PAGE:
Earlier, told a little story that addressed something I thought rather funny – that people seemed bent out of shape by how rich these military dictators get. As if the kind of guy who seizes power by force should a) be expected to nonetheless keep his avarice well in check; and, more important, b) control a country by force without controlling every dollar in it, as much as possible. That’s not the way it works.
It’s that second point that should concern us. When you read about the Mafia, or Roman Patriarchs, or English Kings, or Military Dictators, or the actual communists history has given to us (not the theoretical ones, who behave like saints without any moral baggage) one thing comes up over and over: their fingers are in everything.
Imagine you live out in the Roman countryside in the 2nd century. Do you think you could simply set up shop in a village and do business? The local Roman patriarch – head of the noble family that, in effect, provides for all law and order and ‘public’ works in his turf? He’d hear all about it within hours of your attempt to go into business, and, moreover, the locals would probably not buy from you until the social order was clear to everybody. You’d be expected to ‘pay your respects’ to the patriarch, get his permission, acknowledge his lordship and check in with him daily, eat occasional meals with him (symbolically acknowledging that he is your benefactor), and send a little money his way, as part of the business venture you and he have entered into by way of him allowing you to run a business on his turf.
Now, change the name, time and place as appropriate, and the rules still hold. In order to do business, you’ll need the permission of the mafia don, the local representatives of the military dictator or king, or the local communist party boss – and it will cost you. Us peons, over the ages, have loved powerful kings who have kept a lid on the local nobles, because that’s been the best possible outcome for the little guy – you pay the price, they more or less leave you alone. Same goes with life under a mafia don, a military dictator, and so on – prior to the outbreak of representative democracy, the best one could hope for was a strong central leader – strong enough that nobody dared challenge him – who took his cut, let his henchmen, um, nobles take their cut, but kept the overall take to a level where it wasn’t too big a hardship on the peasants.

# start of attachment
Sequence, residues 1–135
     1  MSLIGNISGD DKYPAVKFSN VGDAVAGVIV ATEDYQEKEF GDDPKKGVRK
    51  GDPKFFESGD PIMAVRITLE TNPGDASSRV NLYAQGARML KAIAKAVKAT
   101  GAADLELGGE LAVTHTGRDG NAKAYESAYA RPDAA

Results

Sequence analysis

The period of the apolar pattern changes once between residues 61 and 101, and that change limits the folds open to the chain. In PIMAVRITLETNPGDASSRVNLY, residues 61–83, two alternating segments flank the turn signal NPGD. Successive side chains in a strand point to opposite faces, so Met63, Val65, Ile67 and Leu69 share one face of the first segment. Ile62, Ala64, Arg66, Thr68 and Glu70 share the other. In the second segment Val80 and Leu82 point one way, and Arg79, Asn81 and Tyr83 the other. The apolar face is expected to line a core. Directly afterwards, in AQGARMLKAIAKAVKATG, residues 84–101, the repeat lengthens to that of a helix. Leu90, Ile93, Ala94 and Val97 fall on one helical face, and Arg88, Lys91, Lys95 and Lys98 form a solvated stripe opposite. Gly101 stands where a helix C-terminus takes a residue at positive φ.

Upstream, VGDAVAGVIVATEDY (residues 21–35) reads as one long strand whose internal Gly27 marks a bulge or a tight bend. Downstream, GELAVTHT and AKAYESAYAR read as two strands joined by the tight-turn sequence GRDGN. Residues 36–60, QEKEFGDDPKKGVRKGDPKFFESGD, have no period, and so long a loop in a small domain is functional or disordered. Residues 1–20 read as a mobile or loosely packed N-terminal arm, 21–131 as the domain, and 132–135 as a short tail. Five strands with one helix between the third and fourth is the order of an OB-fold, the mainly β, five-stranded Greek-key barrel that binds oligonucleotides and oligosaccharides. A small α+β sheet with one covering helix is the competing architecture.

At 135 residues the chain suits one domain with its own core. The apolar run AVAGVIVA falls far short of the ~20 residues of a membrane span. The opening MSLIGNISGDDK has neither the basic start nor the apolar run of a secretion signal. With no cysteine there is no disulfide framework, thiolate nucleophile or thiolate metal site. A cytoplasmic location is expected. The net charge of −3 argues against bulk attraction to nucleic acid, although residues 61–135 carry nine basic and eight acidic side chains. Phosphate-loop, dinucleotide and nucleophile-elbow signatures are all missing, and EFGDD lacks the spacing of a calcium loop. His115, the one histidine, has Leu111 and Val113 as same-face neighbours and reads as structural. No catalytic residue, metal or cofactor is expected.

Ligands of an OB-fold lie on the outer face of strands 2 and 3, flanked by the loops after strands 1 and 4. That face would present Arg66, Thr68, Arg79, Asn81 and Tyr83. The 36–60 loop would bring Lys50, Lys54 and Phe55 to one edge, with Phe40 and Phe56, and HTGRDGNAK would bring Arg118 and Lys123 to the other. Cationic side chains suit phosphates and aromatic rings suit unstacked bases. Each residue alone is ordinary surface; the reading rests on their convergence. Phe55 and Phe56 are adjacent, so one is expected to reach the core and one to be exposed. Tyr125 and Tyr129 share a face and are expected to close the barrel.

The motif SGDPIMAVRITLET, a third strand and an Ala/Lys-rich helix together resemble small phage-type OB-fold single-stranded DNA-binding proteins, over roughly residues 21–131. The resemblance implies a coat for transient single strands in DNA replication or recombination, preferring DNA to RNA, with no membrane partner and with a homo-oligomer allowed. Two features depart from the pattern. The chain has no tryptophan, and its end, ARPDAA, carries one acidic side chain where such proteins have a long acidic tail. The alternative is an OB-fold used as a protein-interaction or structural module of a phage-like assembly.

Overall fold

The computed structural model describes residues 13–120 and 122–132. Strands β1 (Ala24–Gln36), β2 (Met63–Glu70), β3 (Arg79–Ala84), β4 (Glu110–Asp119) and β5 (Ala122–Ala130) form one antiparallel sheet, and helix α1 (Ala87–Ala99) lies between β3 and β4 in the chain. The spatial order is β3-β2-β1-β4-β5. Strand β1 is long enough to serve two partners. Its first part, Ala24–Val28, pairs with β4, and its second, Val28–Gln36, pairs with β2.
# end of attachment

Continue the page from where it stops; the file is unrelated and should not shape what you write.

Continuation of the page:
What you didn’t want is warfare – civil war, in the case of kings, violent coups in the case of military dictators, or gang warfare in the case of mafias. Those are horrible for little people. So, please, a strong king!
But back to the weird, anti-entropic state of representative democracy. Social gravity, as it were, is always tugging towards the default position (in large countries – we’re not talking tribes, here, which have a different dynamic). And, I think, people who are aware of history see it – and become ‘conservative’ in a sense only loosely related to how that term is used politically. They see the state of freedom under a representative democracy for the fragile, unnatural thing it is, and so oppose anything that moves toward a more natural, restful state, socially speaking.
The king, the patriarch, the don, the thug – all, in the end, get their power from control of the money spigot, backed by the threat of violence. What they cannot long tolerate and survive is centers of power – wealth – that are independent, that cannot be turned off by them. The ‘conservative’ mentioned above is the one who wants to maintain as many of those independent centers of power as practical, who sees them as the guarantors of his freedom, given that modern governments exceed the ‘way too powerful to be threatened by any likely coalition of lords’ threshold by an order of magnitude or 3.
On the other hand, efforts to make sure that every dollar anyone has flows through one spigot – that has to be opposed. If it’s not tyranny itself, it’s holding hands with it. In this sense, ‘progressive’, when it means in practice wanting to funnel everything through a central spigot, is the opposite of ‘conservative’ as used here.